Third, even when an application goes before the NGO Council, no criteria for refusing registration are specified. Decisions are in the discretion of the NGO Council with an appeal (Section 15) only to the Minister of Social Welfare. Thus, there is no appeal mechanism independent of the government.
Fourth, the Bill contemplates the creation of an NGO Council with five civil society representatives appointed from organizations “which the Minister considers are representative of non-government organizations” and nine fairly senior-level government officials appointed by various Ministries. The NGO Council would thus be heavily dominated by government officials and would have sweeping powers over NGOs including the power to “determine every application for registration […], formulate a code of conduct for non-governmental organizations […], conduct investigations into the administration and activities of NGOs […], take disciplinary actions….” (Section 4).
Fifth, Section 4(f) of the Bill provides that the NGO Council is to create a code of conduct for NGOs, breach of which could result in investigation, directions to the organizations executive committee, or cancel or amend the organizations certificate of registration. (see Section 23). There are no statutory specifications or limitations on what is to be included in this code of conduct, which contents appear to be in the discretion of the NGO Council.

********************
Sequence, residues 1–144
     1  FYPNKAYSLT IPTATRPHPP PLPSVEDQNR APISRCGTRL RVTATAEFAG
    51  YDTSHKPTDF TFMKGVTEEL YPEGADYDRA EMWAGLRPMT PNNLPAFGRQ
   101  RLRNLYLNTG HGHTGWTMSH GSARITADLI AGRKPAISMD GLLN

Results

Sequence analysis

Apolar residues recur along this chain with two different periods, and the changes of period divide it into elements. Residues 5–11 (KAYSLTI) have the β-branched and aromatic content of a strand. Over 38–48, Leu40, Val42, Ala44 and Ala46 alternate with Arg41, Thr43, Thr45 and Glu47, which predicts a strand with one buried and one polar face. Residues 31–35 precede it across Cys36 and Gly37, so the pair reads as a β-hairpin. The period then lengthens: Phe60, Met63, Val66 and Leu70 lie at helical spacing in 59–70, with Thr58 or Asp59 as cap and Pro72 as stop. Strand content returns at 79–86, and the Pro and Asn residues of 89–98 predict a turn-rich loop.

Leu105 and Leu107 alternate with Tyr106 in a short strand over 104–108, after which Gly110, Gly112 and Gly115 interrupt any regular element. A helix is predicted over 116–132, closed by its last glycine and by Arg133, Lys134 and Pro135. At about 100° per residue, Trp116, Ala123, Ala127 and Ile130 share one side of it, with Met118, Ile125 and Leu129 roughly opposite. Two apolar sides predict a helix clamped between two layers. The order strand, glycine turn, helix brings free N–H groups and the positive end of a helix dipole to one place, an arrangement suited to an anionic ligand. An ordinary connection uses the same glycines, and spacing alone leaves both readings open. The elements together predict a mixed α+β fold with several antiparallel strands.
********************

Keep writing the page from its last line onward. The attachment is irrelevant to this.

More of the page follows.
Thus, the Bill is designed to place all NGOs, very broadly defined, under a very high degree of government control. The draft Bill creates local, regional and international alarm about further erosion of independence and freedom of civil society in Zimbabwe, and particularly human rights defenders and educators whose organizations would seem to be targeted by this Bill.
3. Criminalization of legitimate human rights monitoring, advocacy and education We are concerned about the Bill’s likelihood of criminalizing the legitimate activities of human rights defenders and educators. Section 9 states that “no person shall in any manner take part in management or control of an NGO, knowing that the organisation is contravening subsection (1).” This section prescribes personal criminal sanctions of up to six months imprisonment against members of the board of NGOs that are not registered.